Veteran actor Morgan Freeman paid tribute to flippered film buddy Winter this weekend. The dolphin co-stars with the Hollywood legend in his latest family-friendly movie, Dolphin Tale, but Freeman is in no doubt as to who will make the headlines.
“I know Winter is the real star of the movie, so I just try to ingratiate myself,” said Freeman. “I don’t mind being upstaged by anything, as long as I keep working.”
Dolphin Tale, which also stars Harry Connick Jr, Ashley Judd and Kris Kristofferson, is based on the true story of Winter’s rescue from a crab trap in the waters off Florida’s coast and how she was nursed back to health by the staff at the Clearwater Marine Hospital.
Freeman plays the talented Dr Cameron McCarthy who creates a new prosthetic tail to replace Winter’s damaged one, ensuring her total rehabilitation.
No stranger to the perils of working with children and animals, Freeman freely admitted resorting to the age old trick of bribery to encourage Winter to toe the line.
“Well, she’s like any kid. You have to coax her with food, so I spent a lot of time with fish, and tossing them to her,” he explained. “After a while, she’d come and stay.”
If Freeman is fair in his assessment of Winter’s acting talents, she will be the latest in a distinguished line of cute sea creatures to swim into the limelight, though not all have been lucky enough to star as themselves.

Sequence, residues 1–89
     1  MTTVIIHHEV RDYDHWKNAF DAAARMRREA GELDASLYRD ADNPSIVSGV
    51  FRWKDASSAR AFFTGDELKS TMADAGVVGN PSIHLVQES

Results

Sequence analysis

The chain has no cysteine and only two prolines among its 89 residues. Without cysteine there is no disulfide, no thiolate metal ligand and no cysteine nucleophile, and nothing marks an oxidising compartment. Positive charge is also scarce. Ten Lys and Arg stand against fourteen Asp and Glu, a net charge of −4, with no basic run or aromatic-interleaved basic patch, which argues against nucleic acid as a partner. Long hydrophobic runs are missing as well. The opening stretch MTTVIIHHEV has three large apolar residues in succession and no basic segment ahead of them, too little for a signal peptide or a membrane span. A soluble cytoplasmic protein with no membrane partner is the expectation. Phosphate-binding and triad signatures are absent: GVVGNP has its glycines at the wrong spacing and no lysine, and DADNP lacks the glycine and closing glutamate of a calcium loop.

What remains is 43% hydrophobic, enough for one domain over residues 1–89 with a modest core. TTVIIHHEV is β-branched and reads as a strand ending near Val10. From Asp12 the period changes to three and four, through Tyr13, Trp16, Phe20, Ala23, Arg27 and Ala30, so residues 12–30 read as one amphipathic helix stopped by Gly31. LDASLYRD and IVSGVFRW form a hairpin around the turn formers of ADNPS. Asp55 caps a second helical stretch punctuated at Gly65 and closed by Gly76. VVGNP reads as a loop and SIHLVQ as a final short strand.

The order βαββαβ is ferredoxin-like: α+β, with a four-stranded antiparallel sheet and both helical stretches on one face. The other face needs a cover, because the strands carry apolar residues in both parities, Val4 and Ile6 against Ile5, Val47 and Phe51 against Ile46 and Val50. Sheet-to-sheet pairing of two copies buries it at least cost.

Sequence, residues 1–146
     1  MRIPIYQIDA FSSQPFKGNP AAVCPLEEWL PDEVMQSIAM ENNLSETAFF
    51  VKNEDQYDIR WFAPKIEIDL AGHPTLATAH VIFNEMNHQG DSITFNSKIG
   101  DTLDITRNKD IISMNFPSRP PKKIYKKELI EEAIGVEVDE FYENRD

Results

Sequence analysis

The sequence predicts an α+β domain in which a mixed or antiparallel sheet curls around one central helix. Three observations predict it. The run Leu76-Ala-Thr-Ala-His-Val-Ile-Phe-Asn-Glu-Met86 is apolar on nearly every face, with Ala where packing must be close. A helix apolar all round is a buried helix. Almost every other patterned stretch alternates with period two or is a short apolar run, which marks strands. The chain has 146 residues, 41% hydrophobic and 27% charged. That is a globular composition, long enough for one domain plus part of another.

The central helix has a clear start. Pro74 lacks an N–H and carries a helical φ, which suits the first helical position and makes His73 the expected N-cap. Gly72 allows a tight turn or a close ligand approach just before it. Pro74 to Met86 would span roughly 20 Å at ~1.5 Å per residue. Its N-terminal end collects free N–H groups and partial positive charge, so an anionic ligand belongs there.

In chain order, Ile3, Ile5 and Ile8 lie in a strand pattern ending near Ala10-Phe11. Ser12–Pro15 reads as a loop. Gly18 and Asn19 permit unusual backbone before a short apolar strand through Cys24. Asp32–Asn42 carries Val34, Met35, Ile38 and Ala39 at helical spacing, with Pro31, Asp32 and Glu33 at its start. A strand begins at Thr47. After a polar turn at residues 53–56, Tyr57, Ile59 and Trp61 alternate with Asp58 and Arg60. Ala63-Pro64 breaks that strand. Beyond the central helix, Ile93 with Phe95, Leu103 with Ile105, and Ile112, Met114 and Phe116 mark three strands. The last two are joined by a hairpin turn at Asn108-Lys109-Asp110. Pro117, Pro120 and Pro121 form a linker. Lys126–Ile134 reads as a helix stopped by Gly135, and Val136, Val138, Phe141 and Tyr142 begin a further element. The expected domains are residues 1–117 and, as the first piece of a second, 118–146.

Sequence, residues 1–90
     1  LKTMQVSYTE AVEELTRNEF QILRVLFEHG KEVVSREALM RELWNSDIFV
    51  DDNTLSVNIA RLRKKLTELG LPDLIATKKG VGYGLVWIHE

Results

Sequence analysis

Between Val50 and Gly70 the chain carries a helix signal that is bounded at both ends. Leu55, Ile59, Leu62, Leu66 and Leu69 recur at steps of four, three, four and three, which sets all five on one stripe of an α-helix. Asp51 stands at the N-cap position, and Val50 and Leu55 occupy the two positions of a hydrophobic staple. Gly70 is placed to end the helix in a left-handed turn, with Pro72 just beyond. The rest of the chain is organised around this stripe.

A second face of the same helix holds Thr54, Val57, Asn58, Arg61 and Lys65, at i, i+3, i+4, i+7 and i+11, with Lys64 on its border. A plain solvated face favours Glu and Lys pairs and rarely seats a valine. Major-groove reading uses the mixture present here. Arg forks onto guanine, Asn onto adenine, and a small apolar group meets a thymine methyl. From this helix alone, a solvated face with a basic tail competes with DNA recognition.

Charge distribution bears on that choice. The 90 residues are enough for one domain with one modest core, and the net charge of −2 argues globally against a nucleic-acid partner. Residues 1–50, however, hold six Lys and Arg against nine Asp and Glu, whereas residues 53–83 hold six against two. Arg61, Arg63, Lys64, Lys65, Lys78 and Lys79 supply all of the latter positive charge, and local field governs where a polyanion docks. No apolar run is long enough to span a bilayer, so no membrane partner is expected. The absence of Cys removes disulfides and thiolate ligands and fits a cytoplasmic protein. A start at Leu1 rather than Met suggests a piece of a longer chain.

Dolphin Mitzi played Flipper in the 1963 original version of the famous marine adventure story, but when the film was remade in 1996, the producers relied on animatronic dolphins to film sequences where the character of Flipper was required to interact with members of the cast.
Keiko the orca took on the role of Willy in the killer whale pic Free Willy and proved such a hit at the box office, he was invited back for sequels Free Willy 2 and 3.
When asked about his recent roles in March of the Penguins and Born to be Wild 3D, Morgan Freeman rejected the idea that he might be trying to push any animal-related issues.
“No, no. I’m not looking for message work. Documentaries are about the only message films I do,” he said.
When pressed further on his relationships with “all creatures great and small”, the 74-year-old actor summed up his feelings thus: “I have experience with mostly cats, dogs and goldfish. I had a dog who was the bane of my high school principal because he used to follow me to school.”
Dolphin Tale opens on Friday October 14.